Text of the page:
I was in a cab for what seemed like an eternity. After traveling a few highways we were now on a dark road pulling into a strip mall. I immediately started to question who recommended this place to me, and nervously watched as the cab fare ticked well past my budgeted $20.
We pulled up to a storefront in a strip mall next to a barber shop blasting reggaeton. I didn’t hear any English being spoken.
I wasn’t in Kansas anymore.
Apparently I wasn’t in Ft. Lauderdale anymore either. The truth is I had no idea where the hell I was, and I contemplated telling the driver to take me back to the hotel. I overcame this temporary anxiety and went into the restaurant. A cha-cha lesson had just started.
The instructor explained that he was teaching cha-cha “on 2” and droned on about how superior it was to dancing “on 1.” Of course I only knew how to dance on 1. So here I was in the midst of on2 dancers with my mediocre on1 skills. This was going to be interesting, or a disaster.
For the uninitiated, these are 2 different styles of Latin dancing. Trying not to get too technical, it basically just means that you step on a different beat of the music, but the steps are the same. It would be like learning the alphabet and then someone telling you to use an A wherever you see the letter B. A little confusing, right?
During the lesson, we rotated dance partners. Suddenly I was staring at an average height male with a mustache, slicked back dark hair, and a button-down shirt that clearly only had a few functioning buttons. The ones at the top were merely accessories meant to hold his shirt open to expose his plentiful chest hair and gold chain.
I had met a stereotype.
Mr. stereotype was a decent dancer, so we danced a few times after the lesson was over, but I couldn’t help looking at him like he was a unicorn. I was saved from the scent of his cologne by a friendly woman who had been observing the action from the sidelines of the dance floor. She asked me to sit with her and inquired as to where I was from. She was so delighted to see another Black face.
“There’s not many of us around here.” she explained, as if she was in a desert and I was some sort of mirage. She told me her husband worked in the restaurant and she often watched during dance nights, but her health kept her from participating much. Something about her told me she had been through and overcome quite a bit, but her attitude was very much about living in and enjoying the moment. Soon we were chatting like old girlfriends.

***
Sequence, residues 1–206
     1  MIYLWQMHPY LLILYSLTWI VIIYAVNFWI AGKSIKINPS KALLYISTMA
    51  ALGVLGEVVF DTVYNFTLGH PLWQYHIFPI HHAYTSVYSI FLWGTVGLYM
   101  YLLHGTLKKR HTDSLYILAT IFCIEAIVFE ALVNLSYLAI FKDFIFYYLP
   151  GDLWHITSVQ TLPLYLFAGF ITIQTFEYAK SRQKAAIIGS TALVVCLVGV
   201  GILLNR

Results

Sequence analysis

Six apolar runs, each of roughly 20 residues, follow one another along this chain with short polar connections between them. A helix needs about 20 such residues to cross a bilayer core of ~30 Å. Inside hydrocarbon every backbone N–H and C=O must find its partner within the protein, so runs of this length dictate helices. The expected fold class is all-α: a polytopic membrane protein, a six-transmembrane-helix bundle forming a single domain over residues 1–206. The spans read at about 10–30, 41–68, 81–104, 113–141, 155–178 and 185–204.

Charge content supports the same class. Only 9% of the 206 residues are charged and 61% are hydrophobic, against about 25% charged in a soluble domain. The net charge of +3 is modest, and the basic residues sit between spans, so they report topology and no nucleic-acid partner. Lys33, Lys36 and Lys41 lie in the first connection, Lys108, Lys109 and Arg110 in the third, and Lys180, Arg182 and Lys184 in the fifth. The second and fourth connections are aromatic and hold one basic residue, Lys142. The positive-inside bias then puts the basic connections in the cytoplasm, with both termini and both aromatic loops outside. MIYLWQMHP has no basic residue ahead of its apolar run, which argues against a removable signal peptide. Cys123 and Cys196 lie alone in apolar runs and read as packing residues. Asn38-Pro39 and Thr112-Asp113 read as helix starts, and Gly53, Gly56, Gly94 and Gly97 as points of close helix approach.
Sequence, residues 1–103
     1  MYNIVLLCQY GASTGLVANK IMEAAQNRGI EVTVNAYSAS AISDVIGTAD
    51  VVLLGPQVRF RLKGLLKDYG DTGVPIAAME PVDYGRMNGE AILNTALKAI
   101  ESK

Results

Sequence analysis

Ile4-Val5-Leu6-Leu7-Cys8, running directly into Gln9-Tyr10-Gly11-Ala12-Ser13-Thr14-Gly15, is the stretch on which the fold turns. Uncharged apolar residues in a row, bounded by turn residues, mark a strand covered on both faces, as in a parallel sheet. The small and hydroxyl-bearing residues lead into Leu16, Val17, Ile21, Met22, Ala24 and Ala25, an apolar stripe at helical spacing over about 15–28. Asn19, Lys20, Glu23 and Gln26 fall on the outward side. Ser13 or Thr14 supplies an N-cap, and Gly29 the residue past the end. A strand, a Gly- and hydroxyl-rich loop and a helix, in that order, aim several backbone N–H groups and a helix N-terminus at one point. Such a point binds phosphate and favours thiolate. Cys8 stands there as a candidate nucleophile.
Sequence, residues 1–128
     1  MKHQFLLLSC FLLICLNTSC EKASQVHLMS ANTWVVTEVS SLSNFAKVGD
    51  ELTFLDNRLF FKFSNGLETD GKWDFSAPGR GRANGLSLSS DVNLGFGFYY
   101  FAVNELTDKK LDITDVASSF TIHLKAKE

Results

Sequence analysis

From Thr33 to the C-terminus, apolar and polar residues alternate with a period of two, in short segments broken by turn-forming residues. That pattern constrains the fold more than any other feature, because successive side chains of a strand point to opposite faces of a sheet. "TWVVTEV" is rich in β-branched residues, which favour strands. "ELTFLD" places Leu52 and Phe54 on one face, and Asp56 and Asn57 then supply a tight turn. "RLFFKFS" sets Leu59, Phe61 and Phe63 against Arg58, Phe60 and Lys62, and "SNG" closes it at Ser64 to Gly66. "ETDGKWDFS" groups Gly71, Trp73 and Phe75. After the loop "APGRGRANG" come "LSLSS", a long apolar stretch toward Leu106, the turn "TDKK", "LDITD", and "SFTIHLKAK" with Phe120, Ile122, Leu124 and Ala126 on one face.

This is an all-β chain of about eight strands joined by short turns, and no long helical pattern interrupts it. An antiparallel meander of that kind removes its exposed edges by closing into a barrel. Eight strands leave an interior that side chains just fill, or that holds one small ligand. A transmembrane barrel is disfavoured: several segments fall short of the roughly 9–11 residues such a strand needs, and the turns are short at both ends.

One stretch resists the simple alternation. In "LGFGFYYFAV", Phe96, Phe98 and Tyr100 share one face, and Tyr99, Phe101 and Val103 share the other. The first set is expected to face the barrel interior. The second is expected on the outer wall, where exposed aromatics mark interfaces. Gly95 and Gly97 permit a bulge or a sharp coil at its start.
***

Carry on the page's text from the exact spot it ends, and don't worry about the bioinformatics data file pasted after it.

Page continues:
Out of habit, I scanned the room for the best dancer. It’s something I started to do automatically just for the enjoyment of watching. And to make sure to have an excuse ready when they asked me to dance. I knew when I was out of my league. But the truth is, men do the same thing. If they see an unfamiliar face, they will watch the person dance first to determine if they are an acceptable dance partner. If they ask you to dance after that it’s because they’ve been watching you.
I quickly identified this one guy as the best dancer in the room. He was having fun, dancing well, and his dance partners were smiling and enjoying themselves. He wasn’t trying to put on a show but the fact that he danced with so much personality was entertaining within itself. Later while I was sitting at the table chatting it up with the other Black person, he approached me and asked me to dance. I had my excuse ready.
“I don’t know how to dance on 2.”
As time went on I realized I would need to get back to the hotel. The woman I had been talking to all night couldn’t take me back because she lived too far away, so against my better judgment I got a ride home from this Peruvian guy I had met. He actually looked Asian, and revealed that even being Latino he wasn’t such a great dancer and was ashamed to have to take lessons. This is a confession I’ve heard more than once and is more common than you may think. It’s part of the backlash of even a seemingly positive stereotype.
Mr. Peru drove me back to the hotel but he was also persistent. We talked for quite a while, and when we finally got back to the beach near the hotel he asked if he could sleep on the floor of my room because it was so late.
He then went into some story about turtles nesting on the beach. He then petitioned to come up to my room again. Shocked when I declined, he explained that the turtle story had always worked well for him in the past.
Later a friend would express his disappointment with me. “Man, you were supposed to have a fling down there. Booo!” he proclaimed.
The fling I had was with the dance floor and a flamboyant salesman that convinced me I just had to have these fabulous shoes.
I headed back home with new shoes and my virtue in tact.